The "Aurora" had been sold, not for a large sum, it is true, but for enough to take care of them both until the new picture should be finished. It was done at last and placed on sale. Painted from a human standpoint it undoubtedly was, and it drew many admirers but no purchaser. For four weeks it had been at the gallery and Robert began to grow despondent again.
A fall morning dawned, gray and dull, and the lake seemed to tremble with portent of coming disaster. At night the wind rose and lashed the water into seething foam. The sound of the storm made Katherine afraid, but she sank into a fitful slumber at last, while Robert kept a light in the window, hoping none were at sea.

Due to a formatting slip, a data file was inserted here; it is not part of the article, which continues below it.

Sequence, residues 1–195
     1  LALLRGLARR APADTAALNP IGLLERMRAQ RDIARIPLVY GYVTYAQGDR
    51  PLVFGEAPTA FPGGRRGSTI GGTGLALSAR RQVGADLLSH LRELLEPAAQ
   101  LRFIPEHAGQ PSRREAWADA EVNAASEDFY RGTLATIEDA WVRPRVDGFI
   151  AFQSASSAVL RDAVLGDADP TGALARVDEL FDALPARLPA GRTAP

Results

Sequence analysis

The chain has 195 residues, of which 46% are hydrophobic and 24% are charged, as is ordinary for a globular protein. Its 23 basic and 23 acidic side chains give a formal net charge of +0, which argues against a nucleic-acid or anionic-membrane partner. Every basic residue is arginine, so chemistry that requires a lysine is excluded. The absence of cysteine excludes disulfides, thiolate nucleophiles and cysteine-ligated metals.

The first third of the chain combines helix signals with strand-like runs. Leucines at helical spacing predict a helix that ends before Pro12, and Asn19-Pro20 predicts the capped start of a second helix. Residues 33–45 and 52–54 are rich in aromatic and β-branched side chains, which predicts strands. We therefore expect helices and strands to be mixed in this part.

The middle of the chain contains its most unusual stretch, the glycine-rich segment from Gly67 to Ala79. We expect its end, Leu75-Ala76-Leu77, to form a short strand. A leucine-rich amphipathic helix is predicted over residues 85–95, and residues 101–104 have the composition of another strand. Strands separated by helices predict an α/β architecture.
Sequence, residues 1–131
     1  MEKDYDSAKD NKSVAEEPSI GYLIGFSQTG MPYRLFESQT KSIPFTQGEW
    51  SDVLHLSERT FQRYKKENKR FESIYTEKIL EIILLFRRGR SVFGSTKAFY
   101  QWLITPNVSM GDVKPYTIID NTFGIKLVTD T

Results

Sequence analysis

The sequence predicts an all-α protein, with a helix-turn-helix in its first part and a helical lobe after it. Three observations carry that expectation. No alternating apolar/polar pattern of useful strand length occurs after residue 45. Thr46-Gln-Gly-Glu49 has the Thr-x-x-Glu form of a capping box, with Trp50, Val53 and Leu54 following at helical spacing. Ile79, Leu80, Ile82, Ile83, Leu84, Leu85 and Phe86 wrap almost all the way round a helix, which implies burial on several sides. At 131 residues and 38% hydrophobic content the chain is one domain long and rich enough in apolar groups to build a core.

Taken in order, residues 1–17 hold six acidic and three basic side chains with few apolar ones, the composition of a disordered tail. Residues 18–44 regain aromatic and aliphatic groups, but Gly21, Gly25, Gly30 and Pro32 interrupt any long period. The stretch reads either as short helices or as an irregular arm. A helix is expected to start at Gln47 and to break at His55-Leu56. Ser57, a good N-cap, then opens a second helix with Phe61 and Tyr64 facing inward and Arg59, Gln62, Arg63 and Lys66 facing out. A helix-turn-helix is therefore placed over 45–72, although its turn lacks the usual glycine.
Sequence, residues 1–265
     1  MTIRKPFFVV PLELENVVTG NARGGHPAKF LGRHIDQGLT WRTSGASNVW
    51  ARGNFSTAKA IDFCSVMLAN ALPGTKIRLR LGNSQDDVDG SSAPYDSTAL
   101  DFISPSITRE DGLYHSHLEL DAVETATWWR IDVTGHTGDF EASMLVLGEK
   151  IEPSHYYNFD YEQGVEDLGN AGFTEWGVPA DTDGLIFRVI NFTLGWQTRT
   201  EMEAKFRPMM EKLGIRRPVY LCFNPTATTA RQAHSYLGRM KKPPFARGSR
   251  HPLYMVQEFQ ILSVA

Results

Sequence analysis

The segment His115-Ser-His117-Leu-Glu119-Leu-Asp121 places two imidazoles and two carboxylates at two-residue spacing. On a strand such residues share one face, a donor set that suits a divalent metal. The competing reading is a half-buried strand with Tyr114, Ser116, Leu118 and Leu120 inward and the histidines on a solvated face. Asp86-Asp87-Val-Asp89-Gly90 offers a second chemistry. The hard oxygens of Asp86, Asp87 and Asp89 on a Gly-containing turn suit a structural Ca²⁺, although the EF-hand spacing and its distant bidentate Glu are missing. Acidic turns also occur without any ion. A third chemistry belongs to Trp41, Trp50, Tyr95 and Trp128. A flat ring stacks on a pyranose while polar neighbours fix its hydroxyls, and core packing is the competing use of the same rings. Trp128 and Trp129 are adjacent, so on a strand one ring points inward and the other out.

But at half-past eleven there was a terrific rap at the door. It was Mickey, disheveled and breathless.
"There do be a wreck, Misther Carroll," she cried, "there's sky-rockets goin' off and the life crew be ordered out, and I thought ye'd be afther wantin' to see it."
The thing was evidently a circus for Mickey; we hold life so lightly at the age of sixteen.
Katherine, trembling and afraid, was already at the door. She wrung her hands, crying piteously, "Oh, Robert! Robert! don't go."
"I must go, sweetheart, they may need me."
"Then I am going too." And she began to hurry into her clothes.
"Dress warmly, dear," he called.
"Yes, I will, and we must take some blankets with us."
Once outside they had no difficulty in locating the wreck. The northern sky was aflame with rockets, and people from all directions were hurrying northward.